By Helen Kirwan-Taylor published
Many years ago I had a falling-out with a girlfriend that proved so painful, I can hardly talk about it today. My friend (let's call her Mary) was a colorful television personality and had the world at her feet. She was engaged to a handsome European, and her face was plastered across the newspapers. I was working for 60 Minutes at the time, and we often met for lunch. Then one day her show was canceled and she asked me — casually, as though it didn't really matter — if I'd put her forward as a reporter for 60 Minutes. Thinking she was as tough as she seemed and that she hardly needed my help anyway (I was certain she had many other job offers on the table), I answered that I was just a minion at 60 Minutes and that besides, they had millions of people hankering to work there. I suggested she instead call another friend of hers who I felt was in a much better position to make such a pitch.
Mary never spoke to me again. I called and called. I even sent her a present for I don't know what, but a wall had gone up. At the time, I remember being completely baffled — what, exactly, had I done? Today, I would have understood completely. Mary is an HSP (Highly Sensitive Person), and was simply behaving in a way that's consistent with that personality's characteristics. Too emotionally cautious to come out and say she needed the job (lest I reject or judge her), she acted as though it didn't matter. Years later, I heard through friends that she thought I couldn't be bothered to help and that I hadn't cared how vulnerable she clearly felt. It was a complete misunderstanding, and it cost me that friendship.
Though I didn't know it then, I too am an HSP, and have since learned to identify a range of HSP behaviors and responses, both in myself and in others. What's more, people in general are becoming increasingly aware of this condition, allowing HSPs freedom from having to hide their sensitive natures behind a veneer of hostility or self-assurance. Elaine Aron, Ph.D., a clinical psychologist based in San Francisco and author of The Highly Sensitive Person, first identified what she calls the "Highly Sensitive Personality" in an academic paper in the early '90s. She spent the next two decades getting her message out. According to Aron, what all HSPs share is an uncommon ability to pick up on subtleties that others might miss — a look, a feeling, a message embedded in a seemingly straightforward statement. "It's like they're wearing an extra pair of glasses," she says.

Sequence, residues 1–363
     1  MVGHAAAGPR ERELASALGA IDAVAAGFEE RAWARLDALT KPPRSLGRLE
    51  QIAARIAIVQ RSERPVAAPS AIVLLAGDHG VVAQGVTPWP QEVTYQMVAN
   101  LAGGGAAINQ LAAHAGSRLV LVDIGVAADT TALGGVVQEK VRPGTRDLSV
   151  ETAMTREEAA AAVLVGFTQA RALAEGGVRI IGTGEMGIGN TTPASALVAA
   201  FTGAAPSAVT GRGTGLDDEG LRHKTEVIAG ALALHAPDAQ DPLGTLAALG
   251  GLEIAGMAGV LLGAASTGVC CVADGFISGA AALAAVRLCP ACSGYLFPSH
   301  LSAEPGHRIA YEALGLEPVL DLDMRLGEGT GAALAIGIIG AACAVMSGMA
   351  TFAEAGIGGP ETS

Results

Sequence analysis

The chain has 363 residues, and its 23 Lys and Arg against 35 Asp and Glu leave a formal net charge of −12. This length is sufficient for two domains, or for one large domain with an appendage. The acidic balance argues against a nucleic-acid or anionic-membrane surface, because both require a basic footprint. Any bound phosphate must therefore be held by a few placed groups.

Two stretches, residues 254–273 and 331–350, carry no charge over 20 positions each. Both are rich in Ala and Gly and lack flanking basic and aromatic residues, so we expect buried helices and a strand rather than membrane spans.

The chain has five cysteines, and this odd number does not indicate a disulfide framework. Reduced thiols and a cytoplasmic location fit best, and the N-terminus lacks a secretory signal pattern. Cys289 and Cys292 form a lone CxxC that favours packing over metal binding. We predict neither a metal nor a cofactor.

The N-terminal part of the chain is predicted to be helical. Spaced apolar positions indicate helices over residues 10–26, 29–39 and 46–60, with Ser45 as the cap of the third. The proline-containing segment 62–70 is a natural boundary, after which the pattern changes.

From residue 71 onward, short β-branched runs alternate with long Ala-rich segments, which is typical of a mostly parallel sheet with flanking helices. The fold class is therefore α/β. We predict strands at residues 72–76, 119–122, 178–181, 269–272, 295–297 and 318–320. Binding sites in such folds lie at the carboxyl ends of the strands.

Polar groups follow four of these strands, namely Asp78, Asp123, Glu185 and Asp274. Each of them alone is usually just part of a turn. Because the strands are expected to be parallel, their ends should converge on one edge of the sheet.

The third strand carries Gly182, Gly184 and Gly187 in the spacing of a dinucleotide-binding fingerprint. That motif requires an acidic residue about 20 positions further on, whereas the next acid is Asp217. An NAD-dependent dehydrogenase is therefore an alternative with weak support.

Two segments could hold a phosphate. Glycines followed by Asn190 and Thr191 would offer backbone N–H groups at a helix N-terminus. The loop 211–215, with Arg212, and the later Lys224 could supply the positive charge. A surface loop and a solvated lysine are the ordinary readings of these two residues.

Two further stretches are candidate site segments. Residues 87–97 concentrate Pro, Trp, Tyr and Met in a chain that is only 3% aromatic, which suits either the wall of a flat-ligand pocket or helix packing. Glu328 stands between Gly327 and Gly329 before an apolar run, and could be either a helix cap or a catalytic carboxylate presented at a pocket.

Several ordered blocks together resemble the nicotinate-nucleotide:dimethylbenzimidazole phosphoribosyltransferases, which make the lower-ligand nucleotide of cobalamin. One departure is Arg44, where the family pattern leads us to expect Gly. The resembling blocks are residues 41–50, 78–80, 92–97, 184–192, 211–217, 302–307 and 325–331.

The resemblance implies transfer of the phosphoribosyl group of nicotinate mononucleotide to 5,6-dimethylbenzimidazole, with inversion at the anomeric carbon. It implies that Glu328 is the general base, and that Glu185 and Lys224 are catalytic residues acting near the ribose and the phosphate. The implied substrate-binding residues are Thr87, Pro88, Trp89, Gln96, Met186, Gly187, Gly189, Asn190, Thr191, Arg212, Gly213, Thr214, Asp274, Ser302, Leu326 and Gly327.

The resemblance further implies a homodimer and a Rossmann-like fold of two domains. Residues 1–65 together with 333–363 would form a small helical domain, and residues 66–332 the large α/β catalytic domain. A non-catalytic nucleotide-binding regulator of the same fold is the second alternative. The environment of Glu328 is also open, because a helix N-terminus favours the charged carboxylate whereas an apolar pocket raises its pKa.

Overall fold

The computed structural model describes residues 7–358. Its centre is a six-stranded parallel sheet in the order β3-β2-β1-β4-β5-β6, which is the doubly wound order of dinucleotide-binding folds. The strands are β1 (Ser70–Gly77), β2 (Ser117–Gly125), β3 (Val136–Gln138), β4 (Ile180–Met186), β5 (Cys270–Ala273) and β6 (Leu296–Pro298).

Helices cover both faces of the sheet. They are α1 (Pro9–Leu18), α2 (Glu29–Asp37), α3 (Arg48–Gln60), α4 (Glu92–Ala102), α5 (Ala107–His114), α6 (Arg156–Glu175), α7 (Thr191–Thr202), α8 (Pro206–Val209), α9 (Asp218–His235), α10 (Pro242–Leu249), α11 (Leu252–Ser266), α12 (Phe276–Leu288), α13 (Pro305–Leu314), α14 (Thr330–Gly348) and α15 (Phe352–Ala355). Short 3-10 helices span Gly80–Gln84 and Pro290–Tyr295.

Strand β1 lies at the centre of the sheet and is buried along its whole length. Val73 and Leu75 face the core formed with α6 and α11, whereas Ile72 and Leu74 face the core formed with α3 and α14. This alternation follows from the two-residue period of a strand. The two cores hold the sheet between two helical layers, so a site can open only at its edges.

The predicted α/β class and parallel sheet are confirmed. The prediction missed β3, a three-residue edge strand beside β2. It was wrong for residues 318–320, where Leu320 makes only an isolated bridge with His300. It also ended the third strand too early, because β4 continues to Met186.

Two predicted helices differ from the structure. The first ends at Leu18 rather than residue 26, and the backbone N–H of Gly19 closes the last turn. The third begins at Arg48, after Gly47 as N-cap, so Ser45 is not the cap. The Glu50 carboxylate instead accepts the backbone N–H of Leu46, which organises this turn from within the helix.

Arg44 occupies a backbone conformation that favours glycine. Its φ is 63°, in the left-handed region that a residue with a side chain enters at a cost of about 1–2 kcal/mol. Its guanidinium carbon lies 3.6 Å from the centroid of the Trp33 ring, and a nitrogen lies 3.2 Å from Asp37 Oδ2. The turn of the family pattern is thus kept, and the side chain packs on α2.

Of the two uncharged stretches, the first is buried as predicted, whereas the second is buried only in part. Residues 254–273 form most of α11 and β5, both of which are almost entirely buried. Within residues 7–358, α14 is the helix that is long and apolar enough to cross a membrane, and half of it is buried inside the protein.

HSPs are hardwired differently than the rest of the population. Researchers from Stony Brook University in New York and Southwest University in China have found that people with the trait take longer to make decisions, need more time alone to think, and are generally more conscientious about things like remembering birthdays. Their study, recently published in the journal Social Cognitive and Affective Neuroscience, also found that HSP subjects undergoing an MRI have greater activity in areas of the brain concerned with high-order visual processing, with participants spending longer examining photographs given to them while they underwent the test, and in general paying closer attention to detail than non-HSPs. What's more, a significant percentage of other species — including dogs, fish, and various primates — also display this sensitivity trait.